By Eleanor Cowan
In my large family, so many of us were affected by our mother’s personality disorder that over time, our odd behaviors and adaptations became normalized. When neighbors asked about my mother’s terrible shrieking and screaming or her calling her children names such as “stupid brainless idiots,” I’d quickly minimize the damage and offer inauthentic responses. “Oh, our house is so big. She’s just calling everyone for supper.”
When I read, years later, that people swear according to their insecurities, I sensed my mother felt insecure about the education she lacked. Always guilt-free herself, she loudly blamed her older children for our toddler brother’s dangerous habit of stuffing tiny pebbles up his nose and deep into his ears, behavior that raised eyebrows at the local hospital emergency room. We said we were sorry for not having watched over him better. Even though my parents lost two infants to crib death, they remained unmotivated to protect my little brother. That was our job. The oft-repeated words, “I’m sorry, Mum,” became my mantra.
My relentless apologies planted in me a sense of guilt about events and behaviors over which I had no control. Slowly, over time, my personality warped.
When I confided my anger to my Dad, a salesman absent for most of my childhood, he found excuses for my overburdened mother — just before he left again. He’d remind me that, as Roman Catholics, anger is a sin and forgiveness a virtue. My father suggested I go to Confession, where I found myself admitting guilt, apologizing and resolving to become a better person.
By internalizing blame, I converted it to guilt, which in turn pretzelled into a bizarre sense of responsibility for people, places, and things. Somehow, I began to do chronic damage control, even at my own expense. If a family member was as rude to me as my mother had once been, I tolerated it because of our shared history. If a boss asked me to work overtime four weekends in a row, I did so, because, in addition to feeling exhausted, I also felt valued and appreciated. I worked very hard for the approval of others. Because I couldn’t seem to care about or stand up for myself, I was entirely dependent upon pats on the head from users.
Years later, my inability to honor my own life, and the lives of my children, resulted in my full membership in a support group for Parents of Sexually Abused Children. During one meeting time, when all of us sought to wake up to our participation, however unwittingly, in the stark and horrible fact that we were parents of abused children, we discussed the disassociation and grooming that brought us to this group. I said that over the years, I’d allowed the self-respect bar to descend. I talked about my chronic apologizing.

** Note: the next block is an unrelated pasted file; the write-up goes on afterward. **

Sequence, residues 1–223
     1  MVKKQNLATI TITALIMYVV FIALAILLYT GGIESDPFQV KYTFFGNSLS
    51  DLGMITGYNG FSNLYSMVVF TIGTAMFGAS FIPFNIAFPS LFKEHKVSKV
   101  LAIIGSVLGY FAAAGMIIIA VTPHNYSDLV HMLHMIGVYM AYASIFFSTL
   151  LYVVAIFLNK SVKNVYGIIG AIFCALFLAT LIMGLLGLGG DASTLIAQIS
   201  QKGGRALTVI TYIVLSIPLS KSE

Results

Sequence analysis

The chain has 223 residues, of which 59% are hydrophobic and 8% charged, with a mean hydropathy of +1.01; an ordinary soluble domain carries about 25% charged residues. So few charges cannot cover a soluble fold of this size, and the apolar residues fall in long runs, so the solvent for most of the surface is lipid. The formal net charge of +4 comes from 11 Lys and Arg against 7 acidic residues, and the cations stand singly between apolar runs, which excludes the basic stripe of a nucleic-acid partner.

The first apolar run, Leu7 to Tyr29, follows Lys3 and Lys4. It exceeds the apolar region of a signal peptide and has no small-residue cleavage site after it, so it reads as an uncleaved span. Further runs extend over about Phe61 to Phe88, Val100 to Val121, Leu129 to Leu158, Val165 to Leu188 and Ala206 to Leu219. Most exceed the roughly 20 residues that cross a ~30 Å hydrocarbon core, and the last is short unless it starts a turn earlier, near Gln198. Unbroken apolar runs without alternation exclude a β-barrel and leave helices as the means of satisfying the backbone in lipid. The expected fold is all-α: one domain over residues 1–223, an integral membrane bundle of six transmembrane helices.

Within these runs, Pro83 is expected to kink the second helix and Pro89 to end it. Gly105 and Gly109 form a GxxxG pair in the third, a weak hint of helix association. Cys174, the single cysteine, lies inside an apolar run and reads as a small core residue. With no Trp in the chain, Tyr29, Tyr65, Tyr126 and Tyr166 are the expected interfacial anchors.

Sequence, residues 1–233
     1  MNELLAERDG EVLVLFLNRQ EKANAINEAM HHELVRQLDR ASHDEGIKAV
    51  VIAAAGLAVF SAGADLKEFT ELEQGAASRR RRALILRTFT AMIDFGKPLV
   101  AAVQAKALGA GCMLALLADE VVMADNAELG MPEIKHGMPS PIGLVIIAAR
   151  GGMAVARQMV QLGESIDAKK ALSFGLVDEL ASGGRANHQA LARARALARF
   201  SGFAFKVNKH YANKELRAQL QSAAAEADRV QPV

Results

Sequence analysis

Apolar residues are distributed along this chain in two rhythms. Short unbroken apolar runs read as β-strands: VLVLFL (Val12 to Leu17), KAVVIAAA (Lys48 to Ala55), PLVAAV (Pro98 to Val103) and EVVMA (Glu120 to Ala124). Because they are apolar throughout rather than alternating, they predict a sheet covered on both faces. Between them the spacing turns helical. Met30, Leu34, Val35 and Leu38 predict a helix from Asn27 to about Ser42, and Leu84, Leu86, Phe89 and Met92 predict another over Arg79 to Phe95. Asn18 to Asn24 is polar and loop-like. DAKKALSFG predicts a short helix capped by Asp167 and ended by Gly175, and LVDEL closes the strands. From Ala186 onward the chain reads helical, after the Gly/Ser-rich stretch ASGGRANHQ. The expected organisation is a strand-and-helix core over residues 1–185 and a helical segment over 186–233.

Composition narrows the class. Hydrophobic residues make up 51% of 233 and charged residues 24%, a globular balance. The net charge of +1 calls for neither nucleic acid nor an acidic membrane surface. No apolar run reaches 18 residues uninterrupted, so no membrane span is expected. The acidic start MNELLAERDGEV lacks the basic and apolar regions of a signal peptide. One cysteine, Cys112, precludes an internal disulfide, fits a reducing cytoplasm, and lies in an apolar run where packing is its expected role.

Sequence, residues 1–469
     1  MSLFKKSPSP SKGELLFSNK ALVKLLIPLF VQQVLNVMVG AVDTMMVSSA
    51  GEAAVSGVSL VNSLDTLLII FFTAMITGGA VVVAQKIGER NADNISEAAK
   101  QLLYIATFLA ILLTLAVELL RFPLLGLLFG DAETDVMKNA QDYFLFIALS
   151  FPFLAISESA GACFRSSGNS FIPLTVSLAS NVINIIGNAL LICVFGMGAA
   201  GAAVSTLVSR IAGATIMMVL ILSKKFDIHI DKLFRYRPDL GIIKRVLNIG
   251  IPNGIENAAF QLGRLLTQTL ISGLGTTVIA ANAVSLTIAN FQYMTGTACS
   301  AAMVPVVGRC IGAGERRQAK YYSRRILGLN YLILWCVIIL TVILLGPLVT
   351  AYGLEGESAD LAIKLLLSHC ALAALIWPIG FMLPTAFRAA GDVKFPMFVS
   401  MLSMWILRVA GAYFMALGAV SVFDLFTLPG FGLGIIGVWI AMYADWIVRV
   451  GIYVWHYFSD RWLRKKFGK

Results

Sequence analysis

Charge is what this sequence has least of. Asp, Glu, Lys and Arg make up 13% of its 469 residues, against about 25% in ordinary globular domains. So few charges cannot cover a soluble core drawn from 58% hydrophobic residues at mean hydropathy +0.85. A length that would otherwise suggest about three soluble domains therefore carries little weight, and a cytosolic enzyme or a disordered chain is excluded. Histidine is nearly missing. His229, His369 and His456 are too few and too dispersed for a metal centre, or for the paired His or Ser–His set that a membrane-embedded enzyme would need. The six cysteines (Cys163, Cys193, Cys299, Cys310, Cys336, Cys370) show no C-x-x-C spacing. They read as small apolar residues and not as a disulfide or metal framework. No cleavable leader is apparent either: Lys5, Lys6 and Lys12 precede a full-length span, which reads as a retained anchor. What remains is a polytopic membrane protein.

Suddenly, the lead Social Worker, Aidan, grabbed a dry erase pen and wrote out a script on the whiteboard. “This is for all of you,” she said. “If someone says they feel sick, do not say, ‘Oh, I’m so sorry.’”
Instead, she began to list alternatives such as, “Oh! I hope you feel better soon!” Or, “How are you taking care of yourself?” Or, “Is there anything I can do for you?”
“There are deceptive tactics used by all manner of unsavory characters to suggest your ineptitude, and to reduce your sense of self-worth,” said Aidan. “It’s called ‘priming the pump.’ Always stand up for yourself. Trust your gut. And cut the ‘I’m so sorry’ lingo, unless you did something you honestly regret. Don’t make it your business to sweeten or smooth over or placate, because by doing so, you play into a no-win game, one that says you’re always in the wrong and now need to compensate.
“Stop that nonsense,” said Aidan. “Time to get real!”
Life never stops being complicated and confusing. About five years ago, during a rare visit with a brother, he blurted out that he understands how people could hate me! I had no idea what caused this outburst. I haven’t seen him since. If my sibling would ever like to apologize, I’d be glad to accept that, but he hasn’t. There’s no longer any suffering on my part. It’s not always that way, though.
For years, I tolerated the harshness of another unpredictable relative, because of my wonderful relationship with his children. I so want to be there for them, but his last cruel salvo, out of nowhere, warned me to protect myself.
“I feel gutted,” I confided to a dear friend. “Must I tolerate abuse in order to love? Am I back to that?”
Along with keeping the bar high, there’s loss, sadness, and doubt.
Today, I trust that if I do the right thing, the right thing will happen. I’ve decided.
I’ll never again undervalue my life.